Omnichannel communication strategies allow brands to provide a seamless experience across all platforms, building on the strengths of each medium to provide a connected experience.

By being proactive in their communication, brands can reach out to their target demographics with the right content at the right time over the right channel to be able to create a long-lasting relationship. More satisfied customers translate into improved performance metrics.

For instance, by leveraging the power of omnichannel communication, UNICEF was able to increase donor retention by 7.8 percent, decrease churn rate by 33.3 percent, and drove a 4 percent conversion rate on cart abandonment flow.

2. Personalised outreach will become a mainstay

The business truism that no two customers are the same holds for the communications landscape without exception. Not just brands, but their target audiences, too, are aware of this phenomenon.

The new-age customer base is increasingly asserting its demand that brands provide personalised content at every point of contact.

Contrary to expectations, the aforementioned research indicates that 74 percent of customers believe the brand messaging they have come in contract lacks a personalised, human connection. It’s a trait that continues to alienate customer bases, with almost half (47 percent) of consumers claiming they will ignore any depersonalised messages.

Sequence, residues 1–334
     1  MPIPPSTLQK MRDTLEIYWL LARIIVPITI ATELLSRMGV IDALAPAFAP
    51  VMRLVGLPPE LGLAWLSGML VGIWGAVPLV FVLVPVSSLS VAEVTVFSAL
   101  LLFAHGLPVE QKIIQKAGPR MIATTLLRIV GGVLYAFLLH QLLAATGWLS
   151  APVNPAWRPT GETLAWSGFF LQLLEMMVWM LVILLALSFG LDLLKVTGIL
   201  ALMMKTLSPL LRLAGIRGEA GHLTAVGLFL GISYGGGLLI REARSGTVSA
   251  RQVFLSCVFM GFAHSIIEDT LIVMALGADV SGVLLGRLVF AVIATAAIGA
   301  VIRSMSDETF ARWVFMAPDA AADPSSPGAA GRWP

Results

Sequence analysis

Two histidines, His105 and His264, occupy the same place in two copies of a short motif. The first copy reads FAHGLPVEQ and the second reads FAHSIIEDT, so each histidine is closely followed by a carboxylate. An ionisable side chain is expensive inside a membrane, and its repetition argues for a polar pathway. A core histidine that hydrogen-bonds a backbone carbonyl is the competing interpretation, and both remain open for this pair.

To address this need-gap, brands must integrate platforms that allow them to deliver an effective engagement experience at the right moment across a range of different channels.

The new strategy can include sending an email with a personalised product suggestion or a birthday discount via text. It is these moments, reinforced by positive associations, that are more likely to be remembered by customers.

By sending out tailored, event-based messages, for instance, Juros Baixos successfully increased its marketing margin by 18 percent. The face of your business is your digital channels; you need to strike the right emotional and beneficial chord to drive brand loyalty.

3. Integration of AI in business communications

With continuous improvements in NLP technology, AI-driven practices are increasingly manifesting themselves in the communications sector, be it to map customer journeys or to enable personalised support. In 2021, customers will be able to interact with chatbots that are programmed to not just answer questions but use a mixture of past behaviour and current dialogue to provide valuable suggestions.